Ehab Lotayefs niece, Torontonian Maryem Tollar, is one of Canadas finest Arabic singers. Against the heavy backdrop of the war in Iraq and the Intifada in Palestine, they presented a rich evening of jazz, world music, poetry and photography titled: Family Values.
Wearing a narrow black and white Palestinian scarf over a black blouse, the barefoot Maryem Tollar was the aural focal point of the evening. Seated between superb jazz pianist Dave Restivo, and her husband / record producer / songwriter / wind instrument virtuoso Ernie Tollar, she performed a wide variety of English and Arabic songs. Adding to the musical enchantment were violinist and oud-player Kathleen Kajioka, percussionist Art Avalos, and one of the most musical and versatile bassists youll ever enjoy, Ian DeSouza.
Every song was accompanied by a series of Lotayefs slides largely selections from his middle-east travels and Montreal anti-war protest marches effectively projected on a screen which was just large enough. An ominous, black, dripping font was used for many of the song titles projected on the screen.
Highlights included Ehab Lotayefs poetry readings about half-way through the concert. Accompanied by flutist Ernie Tollar, Ehabs words were direct, accessible and poignant. Maryem Tollars expressive face acted as a reflection of the emotions Lotayef conveyed, and Ehabs own eyes expressed deep sadness over the loss of Tom Fox at the hands of Iraqi kidnappers. The audience at Glen Gould Studio reacted passionately to Lotayefs words, such as this excerpt from Hostage (written in Baghdad in December, 2005):
When facing fear with my back to the wall,
Will I become a hostage of despair?
A people taken hostage taking hostages
Kill the greed that is growing in the heart!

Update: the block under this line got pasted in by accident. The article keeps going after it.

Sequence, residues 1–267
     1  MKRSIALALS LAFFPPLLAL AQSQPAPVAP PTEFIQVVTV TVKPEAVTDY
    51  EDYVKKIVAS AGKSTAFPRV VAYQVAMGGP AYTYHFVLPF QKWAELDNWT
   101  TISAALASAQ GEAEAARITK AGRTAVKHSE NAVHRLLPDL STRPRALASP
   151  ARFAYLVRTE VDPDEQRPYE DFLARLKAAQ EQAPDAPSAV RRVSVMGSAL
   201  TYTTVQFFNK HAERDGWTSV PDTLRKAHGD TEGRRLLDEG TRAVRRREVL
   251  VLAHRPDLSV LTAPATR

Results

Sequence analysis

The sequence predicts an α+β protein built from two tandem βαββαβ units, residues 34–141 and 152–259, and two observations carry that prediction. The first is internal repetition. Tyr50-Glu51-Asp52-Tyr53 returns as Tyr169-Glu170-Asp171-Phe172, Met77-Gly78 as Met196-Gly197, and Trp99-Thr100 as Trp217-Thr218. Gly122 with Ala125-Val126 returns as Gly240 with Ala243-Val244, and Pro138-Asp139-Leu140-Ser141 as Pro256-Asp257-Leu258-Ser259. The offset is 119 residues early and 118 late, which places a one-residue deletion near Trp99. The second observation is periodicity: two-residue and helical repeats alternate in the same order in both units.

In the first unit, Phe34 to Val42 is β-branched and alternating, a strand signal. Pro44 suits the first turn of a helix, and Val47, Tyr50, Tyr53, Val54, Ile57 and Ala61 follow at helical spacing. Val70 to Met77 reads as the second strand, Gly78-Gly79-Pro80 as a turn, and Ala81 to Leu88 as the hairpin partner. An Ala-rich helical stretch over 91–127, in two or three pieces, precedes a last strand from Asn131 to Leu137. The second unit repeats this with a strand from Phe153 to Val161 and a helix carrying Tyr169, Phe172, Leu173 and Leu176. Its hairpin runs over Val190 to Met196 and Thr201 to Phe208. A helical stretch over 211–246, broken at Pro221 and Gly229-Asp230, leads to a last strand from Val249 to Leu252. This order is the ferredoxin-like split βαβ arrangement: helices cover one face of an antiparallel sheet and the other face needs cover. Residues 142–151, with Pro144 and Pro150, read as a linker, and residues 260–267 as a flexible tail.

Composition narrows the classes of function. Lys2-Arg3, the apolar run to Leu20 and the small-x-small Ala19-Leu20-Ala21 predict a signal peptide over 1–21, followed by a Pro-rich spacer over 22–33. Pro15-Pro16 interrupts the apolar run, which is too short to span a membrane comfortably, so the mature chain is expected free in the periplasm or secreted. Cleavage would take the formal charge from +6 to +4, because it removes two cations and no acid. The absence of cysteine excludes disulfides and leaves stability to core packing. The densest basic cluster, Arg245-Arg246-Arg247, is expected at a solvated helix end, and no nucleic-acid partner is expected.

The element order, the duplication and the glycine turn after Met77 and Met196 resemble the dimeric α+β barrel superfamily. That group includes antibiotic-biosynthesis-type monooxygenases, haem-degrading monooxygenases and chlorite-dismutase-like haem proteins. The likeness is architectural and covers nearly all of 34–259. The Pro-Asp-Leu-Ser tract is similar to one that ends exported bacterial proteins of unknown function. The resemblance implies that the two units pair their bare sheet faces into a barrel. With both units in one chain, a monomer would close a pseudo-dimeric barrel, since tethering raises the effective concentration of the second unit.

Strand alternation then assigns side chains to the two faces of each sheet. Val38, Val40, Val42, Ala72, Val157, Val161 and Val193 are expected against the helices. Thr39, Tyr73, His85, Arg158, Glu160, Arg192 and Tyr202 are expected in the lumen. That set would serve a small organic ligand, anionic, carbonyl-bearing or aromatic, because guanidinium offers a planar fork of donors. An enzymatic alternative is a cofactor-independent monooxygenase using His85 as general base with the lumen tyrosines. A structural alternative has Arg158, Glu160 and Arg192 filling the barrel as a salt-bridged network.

Only then will the hostage be released
However, it would not be fair for me to leave you with the impression that the evening was strictly a political or humanitarian event, for there were songs about family, and many slides of happy children.
Maryem Tollar is a splendid singer, and I loved the way she rocked back and forth in her chair when she became passionate about the lyrics. The pinnacle of her singing and playing was the second to last song of the evening, when she played the qanun (which resembles a harp, only it is played flat on the player's lap) and sang in Arabic. She was never more radiant and confident then during that inspiring number. And what a voice!
The largely jazz-influenced program was well executed, but I did remark to my companion how ironic I found it that such profound subjects be interpreted through toe-tapping jazz numbers. Frankly, I struggled with the juxtaposition.
Jazz knows no limits offered my friend, besides, this was a program about hope, not despair.
In the hours since I witnessed Family Values, Ive realized that I absorbed a significant emotional understanding of the plight of Iraqis and other oppressed people. It is a situation I have always understood intellectually, but the gift of empathy is one that art is uniquely qualified to deliver. I left reminded of the real value of art in our lives.